The bad news for qualifying facilities (QFs) continues. A high-profile project in the District of Columbia appears dead, but developers won a small victory when a federal court refused to stop a suit by the developers against municipal officials for damages connected with the regulatory barriers erected by the city at the behest of concerned citizens. More damaging was the recent decision of the Massachusetts Supreme Court requiring reluctant regulators to review the ceiling price set for QF purchases in a recent bid conducted by Boston Edison Co. The court was impressed by the magnitude of the change in avoided costs and market prices between the time the bid was announced and when the proposals were reviewed.
A U.S. District Court has permitted the developers of a qualifying generation facility (QF) to sue local government officials who had denied applications for building permits based on concerns over the possible health effects of electromagnetic fields (EMF). Dominion Cogen, D.C., Inc., developers of a highly controversial proposal to build a 56-megawatt (MW) QF on the campus of Georgetown University in Washington, DC, had claimed that the city government violated its due process rights by using the EMF issue as part of a "politically motivated and illegitimate" scheme to kill the project. According to the developers, the QF had received all of the necessary permits except a building permit from the D.C. Department of Consumer and Regulatory Affairs, and the EMF issues had been fully investigated by several agencies, including the D.C. Public Service Commission. Rejecting the city government's calls to dismiss the case, the court said the QF developers alleged improprieties serious enough, if proved, to find an actionable violation of their substantive due process rights. Dominion Cogen, D.C., Inc. v. District of Columbia, C.A. No. 93-2267, Mar. 1, 1995 (D.D.C.).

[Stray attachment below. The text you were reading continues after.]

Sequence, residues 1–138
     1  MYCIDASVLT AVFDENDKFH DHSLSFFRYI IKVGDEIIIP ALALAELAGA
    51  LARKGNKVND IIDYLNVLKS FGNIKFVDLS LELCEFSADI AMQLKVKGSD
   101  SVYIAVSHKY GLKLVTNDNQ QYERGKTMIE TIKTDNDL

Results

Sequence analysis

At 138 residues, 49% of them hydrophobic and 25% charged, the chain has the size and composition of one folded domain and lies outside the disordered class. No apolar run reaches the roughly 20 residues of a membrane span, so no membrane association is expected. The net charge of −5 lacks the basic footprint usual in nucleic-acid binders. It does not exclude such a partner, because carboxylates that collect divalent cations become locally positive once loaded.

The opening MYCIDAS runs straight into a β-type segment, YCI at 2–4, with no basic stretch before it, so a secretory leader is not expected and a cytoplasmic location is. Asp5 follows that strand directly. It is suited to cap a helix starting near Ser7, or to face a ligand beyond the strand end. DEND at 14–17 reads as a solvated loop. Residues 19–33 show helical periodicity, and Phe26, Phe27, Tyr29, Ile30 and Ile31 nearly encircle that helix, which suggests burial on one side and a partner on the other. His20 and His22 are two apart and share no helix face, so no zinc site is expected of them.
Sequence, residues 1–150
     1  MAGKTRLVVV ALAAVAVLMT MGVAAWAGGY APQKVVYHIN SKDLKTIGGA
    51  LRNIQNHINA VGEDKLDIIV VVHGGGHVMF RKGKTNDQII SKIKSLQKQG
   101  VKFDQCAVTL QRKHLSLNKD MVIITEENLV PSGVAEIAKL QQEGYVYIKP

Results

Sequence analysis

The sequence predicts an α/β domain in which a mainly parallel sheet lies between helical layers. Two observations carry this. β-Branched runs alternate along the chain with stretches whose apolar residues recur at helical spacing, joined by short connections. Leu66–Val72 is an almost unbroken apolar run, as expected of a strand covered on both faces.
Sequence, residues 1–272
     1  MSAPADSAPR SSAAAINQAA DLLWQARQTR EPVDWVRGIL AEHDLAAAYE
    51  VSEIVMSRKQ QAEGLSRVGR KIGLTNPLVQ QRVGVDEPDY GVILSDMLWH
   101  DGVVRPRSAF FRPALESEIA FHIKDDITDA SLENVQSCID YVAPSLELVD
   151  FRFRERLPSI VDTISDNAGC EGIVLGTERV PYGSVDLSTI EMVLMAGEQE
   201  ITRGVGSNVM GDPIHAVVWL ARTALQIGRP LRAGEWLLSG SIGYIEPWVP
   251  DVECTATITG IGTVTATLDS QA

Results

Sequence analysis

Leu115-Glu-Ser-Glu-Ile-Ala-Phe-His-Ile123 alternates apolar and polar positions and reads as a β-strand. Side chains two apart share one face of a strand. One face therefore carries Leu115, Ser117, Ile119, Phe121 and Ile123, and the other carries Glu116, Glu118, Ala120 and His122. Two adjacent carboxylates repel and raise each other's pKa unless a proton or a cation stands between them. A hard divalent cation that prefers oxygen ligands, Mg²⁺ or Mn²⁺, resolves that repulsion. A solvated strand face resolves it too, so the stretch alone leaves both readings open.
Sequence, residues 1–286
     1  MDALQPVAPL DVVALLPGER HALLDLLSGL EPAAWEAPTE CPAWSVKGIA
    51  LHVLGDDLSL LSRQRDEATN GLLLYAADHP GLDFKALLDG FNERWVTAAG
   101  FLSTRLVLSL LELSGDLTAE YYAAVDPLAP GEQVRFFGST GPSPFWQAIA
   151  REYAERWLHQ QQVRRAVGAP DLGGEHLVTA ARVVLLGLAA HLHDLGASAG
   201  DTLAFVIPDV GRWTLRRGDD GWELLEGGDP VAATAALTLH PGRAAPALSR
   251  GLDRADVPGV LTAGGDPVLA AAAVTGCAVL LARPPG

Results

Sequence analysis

The Massachusetts Supreme Court has ruled that the state Department of Public Utilities (DPU) must review the ceiling price set for purchases of nonutility power by Boston Edison Co. to ensure that ratepayers are not overcharged as a result of unrecognized changes in the utility's avoided costs. Boston Edison had claimed it had no need for the power solicited under a recent state-mandated "Request for Proposals" (RFP), and that its avoided cost had changed between the time the RFP was announced and the time the QF contracts were offered. The RFP resulted in the contested 20-year contract offer for 132-MW of power from JMC Altresco, Inc., developer of a proposed 170-MW gas-fired QF. (Earlier, the court had vacated a decision on the need for the QF plant by the state Energy Facilities Siting Board, finding that the Board had incorrectly relied on DPU approval of the purchased-power agreements.)
In the current case, the court said the DPU erred when it refused to formally review the effect on avoided cost of a recent announcement by the utility that it would defer construction of the 306-MW generating plant used in setting avoided cost for the RFP. While noting that the DPU's judgment is given great weight by the courts, the supreme court said that a mandated purchase of QF power at the rate set by the DPU could cost ratepayers up to $290 million over the life of the contract. The court ordered the DPU to reopen the case to review the utility's avoided costs, finding that it could not rely on an earlier ruling that changes in a purchasing utility's avoided costs are irrelevant once a nonutility generator submits a bid to supply power and a ceiling price is assigned. Boston Edison Co. v. Massachusetts Department of Pub. Utilities, No. SJC06745, Mar. 16, 1995 (Mass.D.P.U.).
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